Sun Pharma-Ranbaxy $4 billion merger completed
Almost a year after announcing a $4 billion deal, Sun Pharmaceutical Industries said on Tuesday merger of Ranbaxy with itself has been 'consummated' following receipt of requisite approvals.business Updated: Mar 24, 2015 21:18 IST
Almost a year after announcing a $4 billion deal, Sun Pharmaceutical Industries said on Tuesday merger of Ranbaxy with itself has been 'consummated' following receipt of requisite approvals.
In a filing to the BSE, the company said all the requisite approvals have been received for the merger of Ranbaxy into Sun Pharma effective from the appointed date of April 1, 2014.
It further said the approvals received from the respective High Courts have been filed by Ranbaxy and Sun Pharma with the respective Registrar of Companies on Tuesday.
"With these filings the merger of Ranbaxy into Sun Pharma has been consummated," the company said.
In April, 2014, Sun Pharma had announced it would acquire troubled rival Ranbaxy in an all-stock transaction worth $4-billion that includes USD 800 million debt. The merger would create India's largest and the world's fifth largest drugmaker.
Earlier in the day, Sun Pharma had announced receipt of RBI nod for transfer of overseas investments of Ranbaxy to it and issue its shares to the non-resident shareholders of the latter as part of their merger deal.
The Reserve Bank of India on Monday also gave approval for transfer of overseas investments held by Ranbaxy in its joint venture and wholly owned-subsidiaries to Sun Pharma, pursuant to the proposed merger of Ranbaxy with Sun Pharma through a Scheme of Arrangement.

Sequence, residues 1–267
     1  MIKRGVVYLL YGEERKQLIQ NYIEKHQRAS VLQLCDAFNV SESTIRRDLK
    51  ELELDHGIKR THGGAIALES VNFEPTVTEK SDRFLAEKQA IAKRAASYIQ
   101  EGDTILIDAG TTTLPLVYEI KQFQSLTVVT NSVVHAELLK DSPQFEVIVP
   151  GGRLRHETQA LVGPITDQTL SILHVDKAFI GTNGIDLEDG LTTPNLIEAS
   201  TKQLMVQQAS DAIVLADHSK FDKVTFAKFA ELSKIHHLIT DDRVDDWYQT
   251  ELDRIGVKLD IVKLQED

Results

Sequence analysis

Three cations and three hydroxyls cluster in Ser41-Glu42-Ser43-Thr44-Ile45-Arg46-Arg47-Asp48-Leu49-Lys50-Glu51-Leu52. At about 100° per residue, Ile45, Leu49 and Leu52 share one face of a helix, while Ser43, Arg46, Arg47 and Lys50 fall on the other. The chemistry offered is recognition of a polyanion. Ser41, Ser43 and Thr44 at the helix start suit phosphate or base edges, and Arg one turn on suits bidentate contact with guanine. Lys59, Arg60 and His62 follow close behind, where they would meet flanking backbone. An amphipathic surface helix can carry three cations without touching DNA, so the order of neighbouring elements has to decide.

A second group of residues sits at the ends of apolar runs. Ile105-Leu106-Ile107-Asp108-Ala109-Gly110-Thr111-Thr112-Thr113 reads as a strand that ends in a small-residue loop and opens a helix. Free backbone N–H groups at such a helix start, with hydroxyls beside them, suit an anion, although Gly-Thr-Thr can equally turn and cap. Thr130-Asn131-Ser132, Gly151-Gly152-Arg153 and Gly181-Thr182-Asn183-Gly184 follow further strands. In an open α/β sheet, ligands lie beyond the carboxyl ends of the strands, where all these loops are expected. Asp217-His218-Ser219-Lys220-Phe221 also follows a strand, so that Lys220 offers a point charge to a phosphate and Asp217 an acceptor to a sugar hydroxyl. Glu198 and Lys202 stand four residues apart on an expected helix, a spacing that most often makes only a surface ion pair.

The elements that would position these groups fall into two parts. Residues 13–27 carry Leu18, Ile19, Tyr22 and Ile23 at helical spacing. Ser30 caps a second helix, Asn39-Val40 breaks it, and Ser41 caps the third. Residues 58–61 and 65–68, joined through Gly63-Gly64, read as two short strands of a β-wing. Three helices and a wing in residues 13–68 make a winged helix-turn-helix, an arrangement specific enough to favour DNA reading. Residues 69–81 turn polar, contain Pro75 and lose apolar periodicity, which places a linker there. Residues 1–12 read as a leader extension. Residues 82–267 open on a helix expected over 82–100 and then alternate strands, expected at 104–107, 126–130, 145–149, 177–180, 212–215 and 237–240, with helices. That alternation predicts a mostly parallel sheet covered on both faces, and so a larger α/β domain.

The central bank also approved issue of equity shares of Sun Pharma to the non-resident holders of equity shares of Ranbaxy Laboratories, the filing added.
The two firms have received nod from the Competition Commission for sale of seven brands to Emcure Pharma to comply with the fair trade watchdog's conditional nod for their merger.
In an order issued Monday, CCI approved the deal with Emcure, which would purchase the 'divestment products' that were ordered to be sold in an earlier direction issued in December last by the Competition Commission of India (CCI).
These seven brands were at the core of the CCI's contention that the merger between Sun Pharmaceutical Industries and Ranbaxy Laboratories was 'prima-facie' in violation of competition laws and therefore the regulator had ordered divestment of those products under its 'conditional' approval to the deal.
In December, CCI had directed Sun Pharma to divest all products containing 'Tamsulosin + Tolterodine' which are marketed and supplied under the Tamlet brand name.
Similarly, Ranbaxy was directed to divest all products containing Leuprorelin which are marketed and supplied under the Eligard brand name. It also had to divest products such as Terlibax, Rosuvas EZ, Olanex F, Raciper L and Triolvance.